Software process metrics are used for strategic purposes. Software project measures are tactical. That is, project metrics and the indicato...
Software process metrics are used for strategic purposes. Software project measures are tactical. That is, project metrics and the indicators derived from them are used by a project manager and a software team to adapt project work flow and technical activities.
The first application of project metrics on most software projects occurs during estimation. Metrics collected from past projects are used as a basis from which effort and time estimates are made for current software work. As a project proceeds, measures of effort and calendar time expended are compared to original estimates (and the project schedule). The project manager uses these data to monitor and control progress.
As technical work commences, other project metrics begin to have significance. Production rates represented in terms of pages of documentation, review hours, function points, and delivered source lines are measured. In addition, errors uncovered during each software engineering task are tracked. As the software evolves from specification into design, technical metrics are collected to assess design quality and to provide indicators that will influence the approach taken to code generation and testing.
The intent of project metrics is twofold. First, these metrics are used to minimize the development schedule by making the adjustments necessary to avoid delays and mitigate potential problems and risks. Second, project metrics are used to assess product quality on an ongoing basis and, when necessary, modify the technical approach to improve quality. As quality improves, defects are minimized, and as the defect count goes down, the amount of rework required during the project is also reduced. This leads to a reduction in overall project cost.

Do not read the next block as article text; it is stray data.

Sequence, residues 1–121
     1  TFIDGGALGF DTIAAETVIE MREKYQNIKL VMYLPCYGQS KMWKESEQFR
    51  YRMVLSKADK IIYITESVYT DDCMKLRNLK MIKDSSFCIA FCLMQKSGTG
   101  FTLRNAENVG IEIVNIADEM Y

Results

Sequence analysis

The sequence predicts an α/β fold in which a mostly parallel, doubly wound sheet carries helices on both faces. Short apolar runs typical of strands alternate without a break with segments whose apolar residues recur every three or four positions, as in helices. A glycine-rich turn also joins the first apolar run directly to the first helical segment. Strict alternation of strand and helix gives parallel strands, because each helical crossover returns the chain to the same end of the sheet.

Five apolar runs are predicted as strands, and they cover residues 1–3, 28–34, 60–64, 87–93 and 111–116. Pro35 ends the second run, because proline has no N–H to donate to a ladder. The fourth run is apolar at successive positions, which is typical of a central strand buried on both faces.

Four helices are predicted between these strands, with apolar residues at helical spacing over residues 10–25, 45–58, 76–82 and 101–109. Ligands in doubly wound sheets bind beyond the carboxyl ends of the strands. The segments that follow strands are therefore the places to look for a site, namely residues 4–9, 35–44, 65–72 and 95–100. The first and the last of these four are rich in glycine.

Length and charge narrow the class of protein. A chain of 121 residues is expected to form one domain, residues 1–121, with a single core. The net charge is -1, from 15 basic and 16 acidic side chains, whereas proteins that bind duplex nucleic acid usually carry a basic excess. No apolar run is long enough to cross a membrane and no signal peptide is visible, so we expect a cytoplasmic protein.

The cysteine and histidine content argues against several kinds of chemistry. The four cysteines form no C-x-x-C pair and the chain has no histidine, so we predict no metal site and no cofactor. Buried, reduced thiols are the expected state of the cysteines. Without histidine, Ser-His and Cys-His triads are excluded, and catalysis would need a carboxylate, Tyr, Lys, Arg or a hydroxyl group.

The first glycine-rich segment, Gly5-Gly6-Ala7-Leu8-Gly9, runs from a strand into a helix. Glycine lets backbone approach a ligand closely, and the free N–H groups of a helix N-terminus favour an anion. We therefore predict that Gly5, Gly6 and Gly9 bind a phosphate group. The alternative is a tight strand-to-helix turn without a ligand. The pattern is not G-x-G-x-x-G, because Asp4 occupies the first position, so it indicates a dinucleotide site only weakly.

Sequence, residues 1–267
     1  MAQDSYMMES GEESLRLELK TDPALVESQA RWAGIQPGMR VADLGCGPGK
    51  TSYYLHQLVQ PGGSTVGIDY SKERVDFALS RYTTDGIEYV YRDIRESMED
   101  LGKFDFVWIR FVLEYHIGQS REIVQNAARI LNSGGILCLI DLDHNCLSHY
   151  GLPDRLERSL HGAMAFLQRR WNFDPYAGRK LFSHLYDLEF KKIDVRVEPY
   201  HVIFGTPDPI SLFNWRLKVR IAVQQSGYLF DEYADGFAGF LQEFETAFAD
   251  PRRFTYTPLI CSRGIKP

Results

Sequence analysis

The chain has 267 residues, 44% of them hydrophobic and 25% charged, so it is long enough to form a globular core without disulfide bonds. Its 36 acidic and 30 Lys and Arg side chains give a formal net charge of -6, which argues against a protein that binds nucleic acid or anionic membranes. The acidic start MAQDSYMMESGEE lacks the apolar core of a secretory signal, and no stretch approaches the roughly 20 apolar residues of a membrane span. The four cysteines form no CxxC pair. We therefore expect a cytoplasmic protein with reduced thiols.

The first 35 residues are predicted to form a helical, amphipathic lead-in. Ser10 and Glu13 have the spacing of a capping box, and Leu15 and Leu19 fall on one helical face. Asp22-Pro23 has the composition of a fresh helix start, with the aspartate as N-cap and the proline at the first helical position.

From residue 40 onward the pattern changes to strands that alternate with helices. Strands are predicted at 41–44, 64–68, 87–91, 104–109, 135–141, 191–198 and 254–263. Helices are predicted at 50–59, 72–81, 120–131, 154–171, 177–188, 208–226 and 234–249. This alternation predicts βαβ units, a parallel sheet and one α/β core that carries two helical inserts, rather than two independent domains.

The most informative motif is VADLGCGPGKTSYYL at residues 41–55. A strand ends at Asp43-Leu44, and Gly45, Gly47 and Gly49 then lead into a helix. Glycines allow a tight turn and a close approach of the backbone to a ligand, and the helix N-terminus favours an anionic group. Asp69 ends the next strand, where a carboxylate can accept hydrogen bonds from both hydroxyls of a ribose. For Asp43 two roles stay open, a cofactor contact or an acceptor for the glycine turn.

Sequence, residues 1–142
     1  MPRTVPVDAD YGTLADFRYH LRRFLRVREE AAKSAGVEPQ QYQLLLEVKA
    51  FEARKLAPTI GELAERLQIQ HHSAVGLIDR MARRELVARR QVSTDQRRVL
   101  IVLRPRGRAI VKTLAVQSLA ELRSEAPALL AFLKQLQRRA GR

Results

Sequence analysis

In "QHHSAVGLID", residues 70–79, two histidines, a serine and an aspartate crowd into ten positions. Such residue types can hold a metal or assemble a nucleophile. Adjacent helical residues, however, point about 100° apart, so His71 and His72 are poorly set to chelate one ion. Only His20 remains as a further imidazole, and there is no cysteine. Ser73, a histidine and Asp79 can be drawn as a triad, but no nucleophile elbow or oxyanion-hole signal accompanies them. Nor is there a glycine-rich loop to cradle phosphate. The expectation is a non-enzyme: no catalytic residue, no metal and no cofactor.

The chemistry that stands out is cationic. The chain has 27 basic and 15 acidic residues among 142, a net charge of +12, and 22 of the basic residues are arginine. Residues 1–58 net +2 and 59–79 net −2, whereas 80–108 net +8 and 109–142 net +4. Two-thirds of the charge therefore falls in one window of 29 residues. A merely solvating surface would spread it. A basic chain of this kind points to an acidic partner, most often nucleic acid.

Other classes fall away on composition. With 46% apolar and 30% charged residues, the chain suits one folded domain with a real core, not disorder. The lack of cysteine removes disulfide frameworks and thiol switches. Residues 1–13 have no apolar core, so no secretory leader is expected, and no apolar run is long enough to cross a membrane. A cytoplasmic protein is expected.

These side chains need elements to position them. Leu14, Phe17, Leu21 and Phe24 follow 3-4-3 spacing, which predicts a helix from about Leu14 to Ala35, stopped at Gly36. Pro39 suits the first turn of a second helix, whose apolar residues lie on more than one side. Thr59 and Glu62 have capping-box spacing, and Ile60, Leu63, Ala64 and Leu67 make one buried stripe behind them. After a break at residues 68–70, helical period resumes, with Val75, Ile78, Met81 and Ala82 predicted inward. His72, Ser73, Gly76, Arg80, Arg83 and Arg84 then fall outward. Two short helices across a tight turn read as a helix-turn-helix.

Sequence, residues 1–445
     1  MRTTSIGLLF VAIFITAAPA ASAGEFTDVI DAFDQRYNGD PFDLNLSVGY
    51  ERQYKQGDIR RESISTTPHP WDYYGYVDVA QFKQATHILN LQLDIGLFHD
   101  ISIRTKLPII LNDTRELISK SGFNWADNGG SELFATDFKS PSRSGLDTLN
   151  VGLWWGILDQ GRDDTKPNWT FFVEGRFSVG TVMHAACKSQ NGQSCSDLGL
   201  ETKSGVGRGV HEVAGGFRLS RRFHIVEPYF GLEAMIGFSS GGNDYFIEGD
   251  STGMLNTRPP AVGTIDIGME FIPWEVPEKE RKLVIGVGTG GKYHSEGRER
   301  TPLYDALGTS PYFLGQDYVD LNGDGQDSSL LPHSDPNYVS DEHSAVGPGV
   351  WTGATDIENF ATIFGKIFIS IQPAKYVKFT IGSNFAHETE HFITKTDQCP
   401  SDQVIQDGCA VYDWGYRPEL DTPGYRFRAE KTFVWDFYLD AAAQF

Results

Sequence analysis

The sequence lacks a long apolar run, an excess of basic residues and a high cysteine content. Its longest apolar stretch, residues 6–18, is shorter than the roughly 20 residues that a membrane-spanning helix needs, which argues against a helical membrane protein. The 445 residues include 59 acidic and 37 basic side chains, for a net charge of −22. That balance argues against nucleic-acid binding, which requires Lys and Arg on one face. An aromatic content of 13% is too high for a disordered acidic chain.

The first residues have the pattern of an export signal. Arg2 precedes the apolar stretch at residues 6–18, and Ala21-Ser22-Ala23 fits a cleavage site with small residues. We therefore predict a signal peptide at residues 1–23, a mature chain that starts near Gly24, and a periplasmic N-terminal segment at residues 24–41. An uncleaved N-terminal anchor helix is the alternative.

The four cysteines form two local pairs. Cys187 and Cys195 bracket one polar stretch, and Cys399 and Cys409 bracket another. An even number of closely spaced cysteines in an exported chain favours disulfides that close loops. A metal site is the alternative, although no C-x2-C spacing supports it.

Another model of software project metrics suggests that every project should measure:
• Inputs—measures of the resources (e.g., people, environment) required to do the work.
• Outputs—measures of the deliverables or work products created during the software engineering process.
• Results—measures that indicate the effectiveness of the deliverables.
In actuality, this model can be applied to both process and project. In the project context, the model can be applied recursively as each framework activity occurs. Therefore the output from one activity becomes input to the next. Results metrics can be used to provide an indication of the usefulness of work products as they flow from one framework activity (or task) to the next.